Ways to Use Twitter for Customer Service

Why Twitter for Customer Support?

“I genuinely believe that any business can create a competitive advantage through giving outstanding customer care.” – Gary Vaynerchuk.

This is one of the best quotes I have heard. It must give any business a lot of comfort. Even if you have a million complaints, you can still lead with better customer service. When my business recently had to weather a severe storm, we decided to default everything to simply being there for our users and customers. It was an incredible experience.

And what better way is there to give your best customer service than through Twitter? Twitter has changed continually over the past few months, as the service becomes more and more mainstream. The results we have seen from using Twitter as our most important support channel day in and day out are incredible. Here are the 3 most powerful insights on using Twitter for customer service that I have learned along the way.

#1: Use the Speed of Twitter to your Advantage

This is a phrase that gets thrown around a lot. “On Twitter, you need to be fast in responding!” But just how important really is speed in responding on Twitter? To take advantage of this, I make it a rule to keep response times under 5 minutes for our customers. This makes an immense difference. No matter what problems come up, nothing trumps being there for people, exactly when they ask for it.

It’s a rule so simple that it is often easy to overlook. We were fortunate enough to have people publish articles on this, purely because we were so fast in responding. That is why I can’t stress enough the advantage it gives you if you don’t let more than 5 minutes pass before you respond.

#2: Personalise the Experience on Twitter as Much as You Can

Another very important yet easily overlooked part of giving support on Twitter is personalising the experience. This means you aren’t speaking to your customers behind a corporate logo.

Instead, make every effort to replicate a face to face interaction. This gives the absolute best results, in my experience. Here are three of the most important things you can easily do:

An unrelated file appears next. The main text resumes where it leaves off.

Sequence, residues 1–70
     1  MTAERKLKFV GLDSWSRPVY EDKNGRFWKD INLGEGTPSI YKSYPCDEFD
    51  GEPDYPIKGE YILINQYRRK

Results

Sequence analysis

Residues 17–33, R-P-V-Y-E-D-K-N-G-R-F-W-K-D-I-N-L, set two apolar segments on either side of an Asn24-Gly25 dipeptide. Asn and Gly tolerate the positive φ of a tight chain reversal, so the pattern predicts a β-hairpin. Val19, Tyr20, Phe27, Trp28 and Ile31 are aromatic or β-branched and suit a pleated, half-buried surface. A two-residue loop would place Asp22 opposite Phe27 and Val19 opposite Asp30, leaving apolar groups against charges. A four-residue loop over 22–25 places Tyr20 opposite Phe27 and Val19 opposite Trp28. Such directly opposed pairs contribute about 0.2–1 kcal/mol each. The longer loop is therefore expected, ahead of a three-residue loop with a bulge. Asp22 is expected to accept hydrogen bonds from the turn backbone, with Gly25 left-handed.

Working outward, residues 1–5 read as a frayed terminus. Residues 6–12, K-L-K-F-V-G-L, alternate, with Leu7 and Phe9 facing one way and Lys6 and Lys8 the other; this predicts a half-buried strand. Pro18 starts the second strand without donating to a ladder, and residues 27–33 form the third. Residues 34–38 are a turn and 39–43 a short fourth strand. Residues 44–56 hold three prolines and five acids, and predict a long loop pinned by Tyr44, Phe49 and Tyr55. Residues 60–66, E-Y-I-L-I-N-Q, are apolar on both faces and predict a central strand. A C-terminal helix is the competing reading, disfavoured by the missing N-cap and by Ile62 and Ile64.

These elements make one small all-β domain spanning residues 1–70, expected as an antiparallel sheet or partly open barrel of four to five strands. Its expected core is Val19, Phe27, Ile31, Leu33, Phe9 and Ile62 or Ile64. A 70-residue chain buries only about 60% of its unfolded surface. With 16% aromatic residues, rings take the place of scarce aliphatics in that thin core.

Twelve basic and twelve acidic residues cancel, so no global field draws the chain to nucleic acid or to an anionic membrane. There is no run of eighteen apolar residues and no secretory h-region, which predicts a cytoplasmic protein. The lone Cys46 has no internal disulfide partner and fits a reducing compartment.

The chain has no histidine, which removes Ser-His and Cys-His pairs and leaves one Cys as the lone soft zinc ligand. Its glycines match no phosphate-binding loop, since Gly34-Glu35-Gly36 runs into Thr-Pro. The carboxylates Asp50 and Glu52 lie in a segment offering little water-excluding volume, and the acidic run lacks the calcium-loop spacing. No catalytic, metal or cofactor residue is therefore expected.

• Personalise your Twitter Bio: Put your name and the names of everyone who could possibly tweet on your business account. It builds a lot of trust. Your customers, if they have very urgent questions, can also turn to your personal accounts instead.
  • End tweets with names: it has long been recommended to end tweets with your initials – Instead, end your tweets with your actual first name. it will give your customers a much better chance to connect with you, especially if you also have the names of the other people tweeting in your Twitter bio.
  • Use your face as an avatar instead of a logo: A third tip that can help your personalise the experience is to use a picture of your face, instead of your logo, for your profile picture. Its one simple step that can immediately make your approachable and human. Some people have told me in the past that they can’t replace their logo for various reasons. No problem at all. There is still something you can do. For the most pressing questions from your customers, switch from responding with your business Twitter account to responding with your personal account. This way you can provide a personal exchange with the branding effect of your logo remaining intact.

#3: Use Direct Messages on Twitter to your Advantage

One of the keys to great support is to help the most people you can in the shortest amount of time. If you have a very widespread problem, with a ton of incoming tweets in a short amount of time, using DMs can be a lifesaver. Here is a quick 3 step guide to help you cope:

  • Send one public tweet explaining the situation: Anyone who finds your Twitter profile will see that tweet first.
  • Reply to any @mentions with a DM: First, you won’t clutter your business’ Twitter stream with @replies for other customers looking for what is going on. Second, you can go into more detail explaining how you can help each customer.
  • Switch back to sending @replies if there is no acute problems anymore, but only regular questions and support requests.

I have to admit that I got the above wrong for a long time. I would send lots and lots of @replies in a short space of time. The problem was that all of the customers who were looking for what was actually going on had to scroll down many times to find the public tweet that I sent first.

DMs are also extremely useful when a simple @reply doesn’t give all of the information the customer needs. In these cases, try DMs instead of the regular “please send an email to name@company.com,” which tends to prolong the time it takes to solve the problem. You can send 2 or 3 DMs in a row if this allows you to answer your customer’s problem right away.

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